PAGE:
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Table 1: The effect of common anti-migraine therapy

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Table 2: Characteristic clinical picture of each case

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   Conclusion Top


Our report demonstrates that in endemic areas meningitis can be the first manifestation of dengue infection. Dengue infection should be considered as a probable etiological agent of meningitis even in the absence of typical picture of the infection. Dengue meningitis may present with migraine like headache that could not respond to classic anti-migraine therapy and may have poor respond to common analgesic. Dengue meningitis may be associated with behavior change, extreme anxiety, fear, and arrhythmia. Normal CSF cellularity should not exclude dengue meningitis. In appropriate clinical settings, detection of dengue IgM in serum and CSF may lead to correct diagnosis. CSF IgM positive cases may have a atypical, severe, and prolonged course.

 
   References Top

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4.Gibbons RV, Vaughn DW. Dengue: An escalating problem. BMJ 2002;324:1563-6.  Back to cited text no. 4
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5.Calisher CH, Karasbarsos N, Dalrymple JD, Shope RE, Porterfield JS, Weataway EG, et al. Antigenic relationships between flaviviruses as determined by cross neutralization tests with polyclonal antisera. J Gen Virol 1989;70:37-43.  Back to cited text no. 5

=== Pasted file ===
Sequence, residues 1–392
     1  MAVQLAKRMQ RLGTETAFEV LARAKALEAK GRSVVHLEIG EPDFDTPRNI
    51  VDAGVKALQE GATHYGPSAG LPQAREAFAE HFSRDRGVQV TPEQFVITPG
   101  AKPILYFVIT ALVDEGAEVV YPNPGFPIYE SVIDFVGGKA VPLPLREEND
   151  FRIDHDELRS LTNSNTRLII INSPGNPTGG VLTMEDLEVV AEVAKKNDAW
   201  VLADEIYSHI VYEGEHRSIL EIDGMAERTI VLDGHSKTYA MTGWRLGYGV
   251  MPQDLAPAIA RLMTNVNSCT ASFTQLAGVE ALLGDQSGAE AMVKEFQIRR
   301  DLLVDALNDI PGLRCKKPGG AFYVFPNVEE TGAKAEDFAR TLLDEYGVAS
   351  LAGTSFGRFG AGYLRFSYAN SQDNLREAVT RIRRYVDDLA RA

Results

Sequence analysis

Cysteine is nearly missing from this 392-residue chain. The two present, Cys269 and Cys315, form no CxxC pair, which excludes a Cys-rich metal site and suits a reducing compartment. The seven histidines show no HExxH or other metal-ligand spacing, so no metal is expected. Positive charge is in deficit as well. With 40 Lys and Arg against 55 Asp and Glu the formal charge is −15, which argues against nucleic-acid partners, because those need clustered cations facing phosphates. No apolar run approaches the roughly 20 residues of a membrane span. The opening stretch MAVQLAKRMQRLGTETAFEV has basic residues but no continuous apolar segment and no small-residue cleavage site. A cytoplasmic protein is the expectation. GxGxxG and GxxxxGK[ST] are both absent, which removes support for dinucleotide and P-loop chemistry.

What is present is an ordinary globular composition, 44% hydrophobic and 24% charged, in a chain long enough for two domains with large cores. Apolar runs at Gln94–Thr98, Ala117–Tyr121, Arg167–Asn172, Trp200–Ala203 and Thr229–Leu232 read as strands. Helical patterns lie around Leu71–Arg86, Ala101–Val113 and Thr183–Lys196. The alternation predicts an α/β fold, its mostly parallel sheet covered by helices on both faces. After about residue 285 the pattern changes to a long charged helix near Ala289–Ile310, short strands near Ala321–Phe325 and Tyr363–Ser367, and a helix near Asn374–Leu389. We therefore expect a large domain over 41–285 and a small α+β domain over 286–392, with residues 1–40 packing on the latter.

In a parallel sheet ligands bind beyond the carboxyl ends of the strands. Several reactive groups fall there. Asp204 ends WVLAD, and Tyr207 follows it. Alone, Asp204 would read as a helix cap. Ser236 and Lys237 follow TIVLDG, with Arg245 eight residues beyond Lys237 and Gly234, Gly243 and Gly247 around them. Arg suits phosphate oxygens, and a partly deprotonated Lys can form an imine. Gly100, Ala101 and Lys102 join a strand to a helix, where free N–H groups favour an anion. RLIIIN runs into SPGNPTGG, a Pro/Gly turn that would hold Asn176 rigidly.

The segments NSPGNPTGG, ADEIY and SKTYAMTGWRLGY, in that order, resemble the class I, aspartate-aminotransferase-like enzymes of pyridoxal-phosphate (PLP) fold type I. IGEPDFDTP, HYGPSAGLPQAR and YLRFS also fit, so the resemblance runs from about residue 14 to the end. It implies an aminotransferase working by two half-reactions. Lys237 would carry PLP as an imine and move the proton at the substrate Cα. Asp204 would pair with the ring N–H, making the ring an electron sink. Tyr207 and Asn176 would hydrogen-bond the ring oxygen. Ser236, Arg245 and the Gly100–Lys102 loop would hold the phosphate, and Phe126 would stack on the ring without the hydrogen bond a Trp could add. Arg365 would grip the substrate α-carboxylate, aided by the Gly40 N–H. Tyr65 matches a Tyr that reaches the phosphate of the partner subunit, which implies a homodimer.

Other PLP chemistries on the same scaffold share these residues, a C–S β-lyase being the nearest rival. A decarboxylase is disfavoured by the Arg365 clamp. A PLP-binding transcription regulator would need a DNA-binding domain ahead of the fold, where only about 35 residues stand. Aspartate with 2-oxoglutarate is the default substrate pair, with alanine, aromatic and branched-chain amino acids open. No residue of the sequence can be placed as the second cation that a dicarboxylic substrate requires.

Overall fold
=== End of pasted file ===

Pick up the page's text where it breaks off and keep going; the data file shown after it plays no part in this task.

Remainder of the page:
6.Soares CN, CabralCastro MJ, Peralta JM, de Freitas MR, Zalis M, PuccioniSohler M. Review of the etiologies of viral meningitis and encephalitis in a dengue endemic region. J Neurol Sci 2011;303:75-9.  Back to cited text no. 6
    
7.World Health Organization. Guidelines for treatment of dengue fever/dengue haemorrhagic fever in small hospitals. New Delhi: World Health Organization, Regional Office for SouthEast Asia; 1999. p. 23.  Back to cited text no. 7
    
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17.Shah I. Dengue presenting as viral myocarditis. Dengue Bull 2007;31:172-3.  Back to cited text no. 17
    
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20.Amaral DC, Rachid MA, Vilela MC, Campos RD, Ferreira GP, Rodrigues DH, et al. Intracerebral infection with dengue3 virus induces meningoencephalitis and behavioral changes that precede lethality in mice. J Neuroinflammation 2011;8:23.  Back to cited text no. 20
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23.Yamamoto Y, Takasaki T, Yamada K, Kimura M, Washizaki K, Yoshikawa K, et al. Acute disseminated encephalomyelitis following dengue fever. J Infect Chemother 2002;8:175-7.  Back to cited text no. 23
    

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Correspondence Address:
Kalakatawi H Mamdouh
Department of Neurology, Alnoor Specialist Hospital, King Abdullah Medical City, Holy Makkah
Saudi Arabia
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Source of Support: None, Conflict of Interest: None


DOI: 10.4103/0974-777X.122021